1) When it says "stew", this means the same thing as "sauce", so the dish is just made up of sauce and rice.
2) I also have to assume that the ratio of the amount of pecov in the rice to the amount of pecov in the sauce is 3:2, the same as the ratio of rice to sauce.

Once I make those assumptions, this becomes a straightforward weighted average or mixture question, which I would solve using:

100% - 85% = 15% non-liquid pecov in the sauce, with a weight of 2
100% - 30% = 70% non-liquid pecov in the rice, with a weight of 3

I would solve this using the weighted average mapping strategy, also known as the tug of war, by drawing a diagram like the following:

Image

The key idea is that, because the ratio of weights is 3:2, the ratio of distances from 15% and 70% to the weighted average also has to be 3:2. Since the total distance is 55, the two distances have to be 22 and 33. The weighted average is closer to the end with the larger weight (70%), so it's 70%-22% = 48%.

Please let me know if you have questions about that!


Wao! JeffYin I just confirmed the errors you pointed out and corrected them. It was a typo as I had to type out from the question paper. You're a higher spirit in GMAT!
Is their any other method apart from the one you just showed. Among all methods u know, which would you advice me to practice most based on test environment?
I anticipate your reply. Thanks again!
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Re: Chef Matthew served a rice and sauce dish by mixing already  [#permalink]

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New post 11 Aug 2018, 13:04
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Sure! You're welcome, S1937.

I do recommend using the weighted average mapping strategy (I've also seen it called the "tug of war" or "teeter-totter" approach) for weighted average and mixture problems, because it will save you time over doing the algebra. In fact, this approach is just a shortcut for the algebra, allowing you to go straight to finding the ratio between the weights. However, in order to be able to feel comfortable using this strategy, you will need to practice it. I have a list of Official Guide and Veritas Prep questions that you can use to practice the weighted average mapping strategy at the following link:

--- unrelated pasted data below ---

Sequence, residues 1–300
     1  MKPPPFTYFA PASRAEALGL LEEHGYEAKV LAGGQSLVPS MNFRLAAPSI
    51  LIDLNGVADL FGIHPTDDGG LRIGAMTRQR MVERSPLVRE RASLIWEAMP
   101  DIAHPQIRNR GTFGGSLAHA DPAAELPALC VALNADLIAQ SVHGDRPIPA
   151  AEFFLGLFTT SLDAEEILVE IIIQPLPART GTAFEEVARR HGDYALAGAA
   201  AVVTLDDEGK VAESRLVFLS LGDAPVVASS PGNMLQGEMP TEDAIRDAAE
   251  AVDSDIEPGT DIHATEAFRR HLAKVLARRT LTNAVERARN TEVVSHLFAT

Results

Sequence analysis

Weighted Average Mapping Strategy practice questions

The only time when the weighted average mapping strategy won't work well is when the ratio between the weights is messy. In the vast majority of weighted average and mixture problems, including this one, the ratio is nice, so it works well.

If you wanted to just do the math without the weighted average mapping strategy, you could use 2 and 3 as the amounts of pecov in the rice and sauce, then use the percentages of non-liquid pecov (15% and 70%) to calculate the total non-liquid pecov:

2*0.15 + 3*0.7 = 0.3 + 2.1 = 2.4

Then divide that by the total amount of pecov (2+3 = 5) to get the overall percent of non-liquid pecov:

2.4/5 = 48%

However, I think that the weighted average mapping strategy is faster, if you are comfortable with it. Please let me know if you have more questions about this!
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Re: Chef Matthew served a rice and sauce dish by mixing already  [#permalink]

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New post 12 Aug 2018, 06:19
JeffYin wrote:
Sure! You're welcome, S1937.

I do recommend using the weighted average mapping strategy (I've also seen it called the "tug of war" or "teeter-totter" approach) for weighted average and mixture problems, because it will save you time over doing the algebra. In fact, this approach is just a shortcut for the algebra, allowing you to go straight to finding the ratio between the weights. However, in order to be able to feel comfortable using this strategy, you will need to practice it. I have a list of Official Guide and Veritas Prep questions that you can use to practice the weighted average mapping strategy at the following link:

Weighted Average Mapping Strategy practice questions

The only time when the weighted average mapping strategy won't work well is when the ratio between the weights is messy. In the vast majority of weighted average and mixture problems, including this one, the ratio is nice, so it works well.